He asked Mr Hague: “Can we take a closer look at how other agencies – including the NSA and our friends and colleagues in the US – use material gathered from network and service providers and offer it rather than having it sought from them in a way that makes authorisation extremely difficult?”

The Conservative MP, Dominic Raab, also warned the NSA could be employed to “sidestep” British law.

A fellow Tory, Rory Stewart, said people would not support secret attacks such as drone strikes unless they were given more information about the intelligence behind them.

“We should do more to explain what we are doing. Unless we begin to explain more to the public, security operations will not be sustainable.”

Mr Hague delivered a staunch defence of Britain’s intelligence links with the United States, and also insisted the Government remained committed to bringing forward new powers to monitor communications over the internet. The so-called “snooper’s charter” plans were dropped from the Queen’s Speech last month after they were vetoed by Nick Clegg, the Deputy Prime Minister. s – and said it had practical benefits last year.

PROMOTED VIDEO
Have you tried new the Independent Digital Edition apps?
News
ebooksNow available in paperback
News
Happy in his hat: Pharrell Williams
people
Arts and Entertainment
Stella Gibson is getting closer to catching her killer
tvReview: It's gripping edge-of-the-seat drama, so a curveball can be forgiven at such a late stage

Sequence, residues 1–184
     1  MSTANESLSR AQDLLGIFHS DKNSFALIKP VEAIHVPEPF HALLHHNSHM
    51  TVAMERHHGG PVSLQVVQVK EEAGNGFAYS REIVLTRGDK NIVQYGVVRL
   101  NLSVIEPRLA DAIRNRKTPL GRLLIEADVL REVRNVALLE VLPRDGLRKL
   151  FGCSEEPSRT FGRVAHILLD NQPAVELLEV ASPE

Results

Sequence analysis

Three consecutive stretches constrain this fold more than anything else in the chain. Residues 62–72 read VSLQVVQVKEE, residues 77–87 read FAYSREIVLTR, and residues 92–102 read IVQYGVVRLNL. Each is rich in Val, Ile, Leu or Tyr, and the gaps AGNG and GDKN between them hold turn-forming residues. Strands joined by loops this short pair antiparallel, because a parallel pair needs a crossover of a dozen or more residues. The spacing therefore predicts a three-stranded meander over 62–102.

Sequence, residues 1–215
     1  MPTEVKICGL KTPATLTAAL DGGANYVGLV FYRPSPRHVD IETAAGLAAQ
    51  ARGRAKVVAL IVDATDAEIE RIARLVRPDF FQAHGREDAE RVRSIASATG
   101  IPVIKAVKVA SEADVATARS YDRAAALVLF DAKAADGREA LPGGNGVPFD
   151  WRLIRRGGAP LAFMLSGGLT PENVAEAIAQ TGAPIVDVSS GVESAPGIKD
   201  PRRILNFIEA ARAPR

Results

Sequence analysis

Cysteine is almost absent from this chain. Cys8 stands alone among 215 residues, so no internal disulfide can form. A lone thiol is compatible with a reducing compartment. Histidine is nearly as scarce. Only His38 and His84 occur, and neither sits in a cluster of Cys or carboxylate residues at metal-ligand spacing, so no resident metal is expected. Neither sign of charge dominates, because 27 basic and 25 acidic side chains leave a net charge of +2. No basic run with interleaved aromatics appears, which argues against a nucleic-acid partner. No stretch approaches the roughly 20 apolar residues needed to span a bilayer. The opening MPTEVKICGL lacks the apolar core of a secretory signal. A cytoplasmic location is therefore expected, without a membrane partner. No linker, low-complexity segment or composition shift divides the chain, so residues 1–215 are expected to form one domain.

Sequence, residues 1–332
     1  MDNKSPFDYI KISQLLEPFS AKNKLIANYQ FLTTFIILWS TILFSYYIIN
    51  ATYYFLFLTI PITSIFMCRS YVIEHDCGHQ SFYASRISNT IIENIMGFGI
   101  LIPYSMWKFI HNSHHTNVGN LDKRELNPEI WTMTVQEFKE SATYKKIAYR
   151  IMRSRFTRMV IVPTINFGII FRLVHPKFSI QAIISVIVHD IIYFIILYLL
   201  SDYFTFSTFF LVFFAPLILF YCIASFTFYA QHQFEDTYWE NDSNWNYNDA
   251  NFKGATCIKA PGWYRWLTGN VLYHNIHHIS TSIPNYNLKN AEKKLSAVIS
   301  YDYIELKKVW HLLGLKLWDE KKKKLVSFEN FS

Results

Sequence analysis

News
Brazilian football legend Pele pictured in 2011
peopleFans had feared the worst when it was announced the Brazil legand was in a 'special care' unit
News
i100(More than you think)
Sport
Brendan Rodgers seems more stressed than ever before as Liverpool manager
FOOTBALLI like Rodgers as a manager but Liverpool seem to be going backwards not forwards this season
News
Phyllis Dorothy James on stage during a reading of her book 'Death Comes to Pemberley' last year
peopleJohn Walsh pays tribute to PD James, who died today
Life and Style
Dishing it out: the head chef in ‘Ratatouille’
food + drinkShould UK restaurants follow suit?
News
peopleExclusive: Maryum and Hana Ali share their stories of the family man behind the boxing gloves
Arts and Entertainment
John Hurt will voice Prince Bolkonsky in Radio 4's War and Peace
radioRadio 4 to broadcast 10-hour adaptation of War and Peace on first day of 2015
Extras
indybest
News
i100
Latest stories from i100
Have you tried new the Independent Digital Edition apps?
Independent Dating
and  

By clicking 'Search' you
are agreeing to our
Terms of Use.

iJobs Job Widget
iJobs General

Austen Lloyd: Commercial / Residential Property - Surrey

Excellent Salary: Austen Lloyd: SURREY MARKET TOWN - SENIOR PROPERTY SOLICITOR...

Recruitment Genius: Graduate Programme - Online Location Services Business

Negotiable: Recruitment Genius: What do you want to do with your career? Do yo...

Recruitment Genius: Senior QC Scientist

Negotiable: Recruitment Genius: This company is a leading expert in immunoassa...

Recruitment Genius: Development Scientist

Negotiable: Recruitment Genius: A Development Scientist is required to join a ...

Day In a Page

Homeless Veterans Christmas Appeal: ‘We give them hope. They come to us when no one else can help’

Christmas Appeal

Meet the charity giving homeless veterans hope – and who they turn to when no one else can help
Should doctors and patients learn to plan humane, happier endings rather than trying to prolong life?